EastAsian Anthropologist Mlへの著者のメッセージ。
Migrating to reunite with family members is one of the most common forms of migration in the world today. This book focuses on the family reunion migration that takes place between mainland Chinese wives and their Hong Kong husbands in post-1997 Hong Kong. Despite sharing one formal citizenship status (that of the Peoples Republic of China) and strong similarities of culture, ethnicity, and history, mainland Chinese wives wait for periods of up to ten years to join their husbands and other family members in Hong Kong. Once there, they experience significant social and economic marginalization. Nicole Newendorp follows the paths these immigrant women take: from marriages to Hong Kong men and long periods of waiting, to the downward mobility and familial struggles they face in Hong Kong. When these immigrant women seek help from Hong Kong social workers and other government officials, they receive an education in the qualities of civility idealized in Hong Kong discourses of belonging. Throughout, the author focuses on the ways in which ideologies of membership are constructed in Hong Kong, and how these normative ideals influence mainland Chinese immigrants' everyday experiences of inclusion and exclusion in Hong Kong.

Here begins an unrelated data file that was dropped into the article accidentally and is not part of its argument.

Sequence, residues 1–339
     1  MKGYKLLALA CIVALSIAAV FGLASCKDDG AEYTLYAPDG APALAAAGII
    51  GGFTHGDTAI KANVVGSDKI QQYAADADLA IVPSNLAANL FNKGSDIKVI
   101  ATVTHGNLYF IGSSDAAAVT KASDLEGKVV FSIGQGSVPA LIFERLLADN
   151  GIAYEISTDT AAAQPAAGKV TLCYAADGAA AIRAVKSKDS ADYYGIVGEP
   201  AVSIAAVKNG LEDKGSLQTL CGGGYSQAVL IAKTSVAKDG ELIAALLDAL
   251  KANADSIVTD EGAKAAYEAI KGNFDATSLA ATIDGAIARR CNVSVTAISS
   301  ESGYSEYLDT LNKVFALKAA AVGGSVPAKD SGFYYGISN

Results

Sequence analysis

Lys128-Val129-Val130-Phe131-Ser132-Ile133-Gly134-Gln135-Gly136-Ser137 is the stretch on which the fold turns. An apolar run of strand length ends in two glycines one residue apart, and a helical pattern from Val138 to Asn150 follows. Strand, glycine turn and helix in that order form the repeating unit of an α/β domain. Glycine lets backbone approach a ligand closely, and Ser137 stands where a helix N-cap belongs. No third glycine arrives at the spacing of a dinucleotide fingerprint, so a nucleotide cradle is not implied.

"Uneasy Reunions is a fresh, accessible contribution to ongoing discourses concerning citizenship, nation-state formations, gender and migration, and post-colonial formations. Newendorp's emphasis on the experiences of PRC migrants in Hong Kong offers an important counterpoint to the bulk of scholarshipemphasizing Hong Kong's concerns regarding reunification." Madeline Hsu, University of Texas at Austin
"This book provides a compelling contribution to the topic of marital immigration from China and sheds light on the new challenges Hong Kong faces as a post-colonial society. By integrating issues central to the transnational world in which we live, Newendorp delivers an engaging and well-researched ethnography of citizenship." Sara Friedman, Indiana University, author of Intimate Politics: Marriage, the Market, and State Power in Southeastern China